RACHEL is accessed via a web browser
Probably more naïve than anything, an attempted round of pilot projects of RACHEL (which at the time was a power-hungry NAS device) in 2009, in Sierra Leone, failed in pretty dramatic fashion.
The failure took a real toll on World Possible and forced us to rethink RACHEL distribution, ultimately building a distribution network of partnerships with on-the-ground teams that could do the hard part for us, and many of which still lead the RACHEL distribution charge today:
Despite the early successes of those groups, we still didn’t have the final piece of the puzzle that has exploded RACHEL deployment today (development of open-source educational resources + uniform standards of web browsers + proliferation of low cost computing hardware and storage). In comes the Raspberry Pi, giving us the ability to create a plug-and-play webserver and hotspot at a price point that we can distribute to masses of people without any required computer literacy background.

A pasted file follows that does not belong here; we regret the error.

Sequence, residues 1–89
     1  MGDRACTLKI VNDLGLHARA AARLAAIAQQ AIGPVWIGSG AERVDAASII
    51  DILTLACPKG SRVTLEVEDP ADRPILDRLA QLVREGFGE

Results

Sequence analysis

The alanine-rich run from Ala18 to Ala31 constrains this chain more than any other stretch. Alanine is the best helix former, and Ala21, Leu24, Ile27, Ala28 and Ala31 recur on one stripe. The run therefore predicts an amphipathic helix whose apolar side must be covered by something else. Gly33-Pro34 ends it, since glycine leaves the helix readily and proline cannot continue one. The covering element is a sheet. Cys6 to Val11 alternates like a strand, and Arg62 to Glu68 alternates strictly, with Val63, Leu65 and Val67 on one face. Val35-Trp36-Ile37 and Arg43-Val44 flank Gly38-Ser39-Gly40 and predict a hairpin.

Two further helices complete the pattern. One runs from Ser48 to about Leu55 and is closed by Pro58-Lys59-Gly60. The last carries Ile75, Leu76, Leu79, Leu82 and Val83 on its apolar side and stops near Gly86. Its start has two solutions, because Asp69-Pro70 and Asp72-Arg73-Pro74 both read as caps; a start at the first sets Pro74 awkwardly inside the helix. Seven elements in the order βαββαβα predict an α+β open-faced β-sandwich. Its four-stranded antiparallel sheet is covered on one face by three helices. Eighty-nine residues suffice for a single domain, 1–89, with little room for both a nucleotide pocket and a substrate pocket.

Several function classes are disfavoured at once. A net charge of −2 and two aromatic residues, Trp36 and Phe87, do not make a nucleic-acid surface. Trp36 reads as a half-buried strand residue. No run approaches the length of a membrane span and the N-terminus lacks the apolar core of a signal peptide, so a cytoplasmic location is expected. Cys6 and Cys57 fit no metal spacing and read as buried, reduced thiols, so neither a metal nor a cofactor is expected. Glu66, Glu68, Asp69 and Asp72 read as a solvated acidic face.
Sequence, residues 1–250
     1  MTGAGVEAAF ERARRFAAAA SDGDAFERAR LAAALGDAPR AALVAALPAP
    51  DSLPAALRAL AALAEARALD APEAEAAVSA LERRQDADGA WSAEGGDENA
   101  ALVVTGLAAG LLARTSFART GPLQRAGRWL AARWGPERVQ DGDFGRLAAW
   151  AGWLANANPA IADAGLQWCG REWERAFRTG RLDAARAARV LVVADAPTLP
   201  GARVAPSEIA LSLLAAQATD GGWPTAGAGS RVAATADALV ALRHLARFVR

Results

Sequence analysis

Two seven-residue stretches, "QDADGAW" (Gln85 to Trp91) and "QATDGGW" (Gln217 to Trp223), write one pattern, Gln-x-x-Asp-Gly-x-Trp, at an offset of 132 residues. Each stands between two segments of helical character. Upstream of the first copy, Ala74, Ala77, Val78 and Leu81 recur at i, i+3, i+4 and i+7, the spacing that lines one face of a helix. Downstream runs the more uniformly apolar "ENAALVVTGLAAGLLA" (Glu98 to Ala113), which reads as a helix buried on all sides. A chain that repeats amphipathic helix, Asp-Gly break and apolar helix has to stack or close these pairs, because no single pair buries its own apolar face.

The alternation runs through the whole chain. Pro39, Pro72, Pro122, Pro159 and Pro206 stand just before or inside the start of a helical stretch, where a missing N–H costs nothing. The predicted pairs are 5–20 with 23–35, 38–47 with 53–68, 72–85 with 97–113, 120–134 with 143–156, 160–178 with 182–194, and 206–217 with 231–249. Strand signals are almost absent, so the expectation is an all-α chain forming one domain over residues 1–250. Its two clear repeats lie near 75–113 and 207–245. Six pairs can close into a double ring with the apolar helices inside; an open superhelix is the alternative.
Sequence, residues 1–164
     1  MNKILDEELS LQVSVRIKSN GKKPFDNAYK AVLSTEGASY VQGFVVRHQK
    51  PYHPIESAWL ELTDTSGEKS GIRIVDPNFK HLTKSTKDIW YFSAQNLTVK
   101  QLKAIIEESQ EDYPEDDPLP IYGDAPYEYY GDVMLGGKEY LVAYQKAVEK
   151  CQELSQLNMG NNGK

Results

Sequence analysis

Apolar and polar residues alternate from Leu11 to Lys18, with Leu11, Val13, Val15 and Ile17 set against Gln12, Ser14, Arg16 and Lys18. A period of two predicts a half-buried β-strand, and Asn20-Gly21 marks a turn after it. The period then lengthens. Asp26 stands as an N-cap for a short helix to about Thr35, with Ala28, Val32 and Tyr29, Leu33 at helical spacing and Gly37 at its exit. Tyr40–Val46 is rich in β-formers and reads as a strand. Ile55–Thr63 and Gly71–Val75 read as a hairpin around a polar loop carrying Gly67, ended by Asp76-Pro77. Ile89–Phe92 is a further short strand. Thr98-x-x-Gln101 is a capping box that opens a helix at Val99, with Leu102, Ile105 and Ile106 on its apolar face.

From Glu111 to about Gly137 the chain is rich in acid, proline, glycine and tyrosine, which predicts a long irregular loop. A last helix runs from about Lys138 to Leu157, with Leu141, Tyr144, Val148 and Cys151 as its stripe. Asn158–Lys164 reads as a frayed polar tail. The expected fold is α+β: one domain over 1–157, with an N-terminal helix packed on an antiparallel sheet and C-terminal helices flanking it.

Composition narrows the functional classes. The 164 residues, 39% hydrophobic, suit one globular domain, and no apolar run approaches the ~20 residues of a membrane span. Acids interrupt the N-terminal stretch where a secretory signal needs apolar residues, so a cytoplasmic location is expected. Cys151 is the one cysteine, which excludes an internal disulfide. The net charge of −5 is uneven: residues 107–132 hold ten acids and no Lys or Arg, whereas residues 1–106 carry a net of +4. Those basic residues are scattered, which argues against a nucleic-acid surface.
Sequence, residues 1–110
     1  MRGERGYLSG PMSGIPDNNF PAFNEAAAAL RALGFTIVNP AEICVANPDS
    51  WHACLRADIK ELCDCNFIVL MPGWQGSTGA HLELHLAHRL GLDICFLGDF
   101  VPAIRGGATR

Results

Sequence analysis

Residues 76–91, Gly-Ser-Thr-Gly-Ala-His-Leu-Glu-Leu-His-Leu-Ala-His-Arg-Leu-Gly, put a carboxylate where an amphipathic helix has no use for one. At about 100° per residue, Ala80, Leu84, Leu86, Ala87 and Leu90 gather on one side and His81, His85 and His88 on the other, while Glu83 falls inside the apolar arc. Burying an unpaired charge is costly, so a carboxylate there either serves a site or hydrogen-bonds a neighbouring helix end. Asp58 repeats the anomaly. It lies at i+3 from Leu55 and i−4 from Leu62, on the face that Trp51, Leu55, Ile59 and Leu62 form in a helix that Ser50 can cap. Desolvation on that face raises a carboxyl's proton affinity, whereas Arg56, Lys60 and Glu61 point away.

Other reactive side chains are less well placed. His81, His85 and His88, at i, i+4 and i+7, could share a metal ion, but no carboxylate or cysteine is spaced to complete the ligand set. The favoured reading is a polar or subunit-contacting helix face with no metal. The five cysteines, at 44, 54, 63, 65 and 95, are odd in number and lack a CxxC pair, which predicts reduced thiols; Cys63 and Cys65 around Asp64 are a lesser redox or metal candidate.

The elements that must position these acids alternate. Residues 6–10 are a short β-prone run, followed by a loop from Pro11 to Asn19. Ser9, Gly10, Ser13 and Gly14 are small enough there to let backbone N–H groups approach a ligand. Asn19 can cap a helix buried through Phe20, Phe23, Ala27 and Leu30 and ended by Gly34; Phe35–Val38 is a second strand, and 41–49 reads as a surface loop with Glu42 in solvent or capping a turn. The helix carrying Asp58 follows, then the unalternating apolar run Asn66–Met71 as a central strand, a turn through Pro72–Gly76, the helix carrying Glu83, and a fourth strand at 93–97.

Is it working? – “Content is king; distribution is King Kong”
Almost exactly a year ago, a partnership with the Gates-Backed Riecken Libraries in Guatemala and Honduras, as well as a funding leap of faith by a few loved donors and the Rotary Club of Portola/Woodside Valley (CA), allowed us to launch a new phase of World Possible and RACHEL-Pi focused on creating, curating, and distributing relevant content from and within disconnected communities. A good old fashioned sneaker-net, delivering locally relevant (and often locally created) digital educational content to disconnected schools, libraries, orphanages and community centers.